Email Address
Company Name
Confirm Password
Mondaq Topics -- Select your Interests
 Law Performance
 Law Practice
 Media & IT
 Real Estate
 Wealth Mgt
Asia Pacific
European Union
Latin America
Middle East
United States
Worldwide Updates
Check to state you have read and
agree to our Terms and Conditions

Terms & Conditions and Privacy Statement (the Website) is owned and managed by Mondaq Ltd and as a user you are granted a non-exclusive, revocable license to access the Website under its terms and conditions of use. Your use of the Website constitutes your agreement to the following terms and conditions of use. Mondaq Ltd may terminate your use of the Website if you are in breach of these terms and conditions or if Mondaq Ltd decides to terminate your license of use for whatever reason.

Use of

You may use the Website but are required to register as a user if you wish to read the full text of the content and articles available (the Content). You may not modify, publish, transmit, transfer or sell, reproduce, create derivative works from, distribute, perform, link, display, or in any way exploit any of the Content, in whole or in part, except as expressly permitted in these terms & conditions or with the prior written consent of Mondaq Ltd. You may not use electronic or other means to extract details or information about’s content, users or contributors in order to offer them any services or products which compete directly or indirectly with Mondaq Ltd’s services and products.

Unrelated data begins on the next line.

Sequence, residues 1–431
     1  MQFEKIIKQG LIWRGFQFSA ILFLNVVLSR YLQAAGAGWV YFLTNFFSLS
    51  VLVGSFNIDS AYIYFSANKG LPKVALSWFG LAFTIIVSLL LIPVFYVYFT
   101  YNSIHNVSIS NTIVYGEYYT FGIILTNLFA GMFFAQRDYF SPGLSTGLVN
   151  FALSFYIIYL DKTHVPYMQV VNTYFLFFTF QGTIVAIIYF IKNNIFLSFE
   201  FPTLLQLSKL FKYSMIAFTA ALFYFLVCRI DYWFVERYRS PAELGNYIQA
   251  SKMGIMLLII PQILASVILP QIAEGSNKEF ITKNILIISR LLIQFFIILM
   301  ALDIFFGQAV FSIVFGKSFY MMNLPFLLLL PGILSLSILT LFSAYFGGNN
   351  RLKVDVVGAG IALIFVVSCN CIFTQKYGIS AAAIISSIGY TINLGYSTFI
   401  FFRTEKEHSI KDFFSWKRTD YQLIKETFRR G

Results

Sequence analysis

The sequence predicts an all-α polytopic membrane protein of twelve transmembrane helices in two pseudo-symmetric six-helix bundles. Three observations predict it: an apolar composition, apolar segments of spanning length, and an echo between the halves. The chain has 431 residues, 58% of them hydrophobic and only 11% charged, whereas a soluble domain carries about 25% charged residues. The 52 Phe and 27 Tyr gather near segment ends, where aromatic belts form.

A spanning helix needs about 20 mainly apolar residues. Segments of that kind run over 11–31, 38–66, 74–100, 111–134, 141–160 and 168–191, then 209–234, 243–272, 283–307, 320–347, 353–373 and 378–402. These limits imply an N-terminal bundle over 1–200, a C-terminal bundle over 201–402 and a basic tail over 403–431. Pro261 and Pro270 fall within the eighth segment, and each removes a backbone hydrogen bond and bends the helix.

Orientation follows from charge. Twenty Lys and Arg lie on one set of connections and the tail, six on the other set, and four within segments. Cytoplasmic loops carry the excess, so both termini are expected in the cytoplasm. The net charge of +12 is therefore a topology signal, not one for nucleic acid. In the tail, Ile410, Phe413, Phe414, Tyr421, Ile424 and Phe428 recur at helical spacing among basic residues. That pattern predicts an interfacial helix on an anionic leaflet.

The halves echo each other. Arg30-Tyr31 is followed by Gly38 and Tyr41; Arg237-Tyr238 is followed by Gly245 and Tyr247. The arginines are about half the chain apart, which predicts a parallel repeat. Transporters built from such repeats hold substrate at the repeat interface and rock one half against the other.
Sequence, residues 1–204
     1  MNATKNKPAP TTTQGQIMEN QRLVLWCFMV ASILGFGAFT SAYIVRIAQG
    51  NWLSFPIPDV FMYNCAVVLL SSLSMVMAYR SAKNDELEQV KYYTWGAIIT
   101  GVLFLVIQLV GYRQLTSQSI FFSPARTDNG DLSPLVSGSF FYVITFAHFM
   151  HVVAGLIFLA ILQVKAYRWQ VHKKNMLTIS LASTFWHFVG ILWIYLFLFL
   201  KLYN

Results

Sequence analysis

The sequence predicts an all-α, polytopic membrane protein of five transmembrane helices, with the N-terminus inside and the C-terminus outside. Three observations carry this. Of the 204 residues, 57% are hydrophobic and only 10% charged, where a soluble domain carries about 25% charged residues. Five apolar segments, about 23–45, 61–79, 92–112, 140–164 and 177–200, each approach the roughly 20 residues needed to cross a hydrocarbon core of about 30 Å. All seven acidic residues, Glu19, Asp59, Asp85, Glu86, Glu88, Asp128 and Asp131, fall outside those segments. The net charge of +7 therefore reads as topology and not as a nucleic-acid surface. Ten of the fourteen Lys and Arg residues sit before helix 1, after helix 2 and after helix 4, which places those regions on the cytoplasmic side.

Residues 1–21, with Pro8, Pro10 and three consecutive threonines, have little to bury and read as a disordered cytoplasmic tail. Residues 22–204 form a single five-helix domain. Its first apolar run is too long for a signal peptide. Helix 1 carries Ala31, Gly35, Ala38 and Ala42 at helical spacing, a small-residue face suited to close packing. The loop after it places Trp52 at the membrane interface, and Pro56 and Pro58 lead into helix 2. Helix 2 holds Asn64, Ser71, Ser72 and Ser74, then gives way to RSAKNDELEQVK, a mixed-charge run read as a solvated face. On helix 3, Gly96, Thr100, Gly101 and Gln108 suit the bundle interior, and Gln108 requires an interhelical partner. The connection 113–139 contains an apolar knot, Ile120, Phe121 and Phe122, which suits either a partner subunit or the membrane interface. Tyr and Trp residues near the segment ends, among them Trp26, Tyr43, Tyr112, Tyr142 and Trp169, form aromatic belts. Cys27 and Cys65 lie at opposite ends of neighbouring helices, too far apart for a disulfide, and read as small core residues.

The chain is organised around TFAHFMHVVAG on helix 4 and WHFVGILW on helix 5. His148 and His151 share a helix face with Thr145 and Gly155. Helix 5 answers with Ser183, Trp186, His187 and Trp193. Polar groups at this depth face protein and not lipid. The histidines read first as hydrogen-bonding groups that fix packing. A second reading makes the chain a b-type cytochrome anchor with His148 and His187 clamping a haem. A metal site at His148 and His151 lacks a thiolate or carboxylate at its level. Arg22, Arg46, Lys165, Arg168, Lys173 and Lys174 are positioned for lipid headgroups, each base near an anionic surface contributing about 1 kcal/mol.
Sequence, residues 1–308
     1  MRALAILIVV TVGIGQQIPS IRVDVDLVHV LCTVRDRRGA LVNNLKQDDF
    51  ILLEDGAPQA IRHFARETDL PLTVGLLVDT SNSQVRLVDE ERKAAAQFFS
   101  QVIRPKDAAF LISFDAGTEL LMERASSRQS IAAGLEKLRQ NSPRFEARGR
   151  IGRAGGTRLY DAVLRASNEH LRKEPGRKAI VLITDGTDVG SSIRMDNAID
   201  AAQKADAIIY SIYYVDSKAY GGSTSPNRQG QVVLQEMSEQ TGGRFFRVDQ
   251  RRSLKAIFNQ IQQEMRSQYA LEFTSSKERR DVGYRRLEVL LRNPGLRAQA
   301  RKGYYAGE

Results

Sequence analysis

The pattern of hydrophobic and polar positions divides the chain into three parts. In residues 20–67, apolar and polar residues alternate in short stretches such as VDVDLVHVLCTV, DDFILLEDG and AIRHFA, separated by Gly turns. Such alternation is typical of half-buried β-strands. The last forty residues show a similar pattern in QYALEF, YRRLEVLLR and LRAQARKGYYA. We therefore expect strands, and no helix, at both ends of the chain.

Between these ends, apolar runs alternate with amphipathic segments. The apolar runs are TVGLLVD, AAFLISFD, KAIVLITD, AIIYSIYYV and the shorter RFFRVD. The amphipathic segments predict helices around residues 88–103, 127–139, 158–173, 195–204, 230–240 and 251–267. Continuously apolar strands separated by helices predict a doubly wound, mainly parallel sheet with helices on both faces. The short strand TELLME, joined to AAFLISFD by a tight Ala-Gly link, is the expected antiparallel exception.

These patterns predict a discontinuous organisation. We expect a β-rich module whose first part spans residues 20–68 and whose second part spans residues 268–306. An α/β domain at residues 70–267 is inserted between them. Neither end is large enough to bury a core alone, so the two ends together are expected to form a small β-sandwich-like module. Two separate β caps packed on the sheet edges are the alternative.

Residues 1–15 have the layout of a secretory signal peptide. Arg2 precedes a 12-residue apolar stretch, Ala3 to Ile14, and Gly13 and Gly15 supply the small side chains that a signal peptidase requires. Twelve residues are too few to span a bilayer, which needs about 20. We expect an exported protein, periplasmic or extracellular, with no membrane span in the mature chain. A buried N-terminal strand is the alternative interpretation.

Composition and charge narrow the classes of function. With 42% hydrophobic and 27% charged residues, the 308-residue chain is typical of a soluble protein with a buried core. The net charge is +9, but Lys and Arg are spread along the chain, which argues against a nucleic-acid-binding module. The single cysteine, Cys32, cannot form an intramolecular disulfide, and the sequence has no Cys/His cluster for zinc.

Mondaq Ltd and/or its respective suppliers make no representations about the suitability of the information contained in the documents and related graphics published on this server for any purpose. All such documents and related graphics are provided "as is" without warranty of any kind. Mondaq Ltd and/or its respective suppliers hereby disclaim all warranties and conditions with regard to this information, including all implied warranties and conditions of merchantability, fitness for a particular purpose, title and non-infringement. In no event shall Mondaq Ltd and/or its respective suppliers be liable for any special, indirect or consequential damages or any damages whatsoever resulting from loss of use, data or profits, whether in an action of contract, negligence or other tortious action, arising out of or in connection with the use or performance of information available from this server.

The documents and related graphics published on this server could include technical inaccuracies or typographical errors. Changes are periodically added to the information herein. Mondaq Ltd and/or its respective suppliers may make improvements and/or changes in the product(s) and/or the program(s) described herein at any time.


Mondaq Ltd requires you to register and provide information that personally identifies you, including what sort of information you are interested in, for three primary purposes:

  • To allow you to personalize the Mondaq websites you are visiting.
  • To enable features such as password reminder, newsletter alerts, email a colleague, and linking from Mondaq (and its affiliate sites) to your website.
  • To produce demographic feedback for our information providers who provide information free for your use.

Mondaq (and its affiliate sites) do not sell or provide your details to third parties other than information providers. The reason we provide our information providers with this information is so that they can measure the response their articles are receiving and provide you with information about their products and services.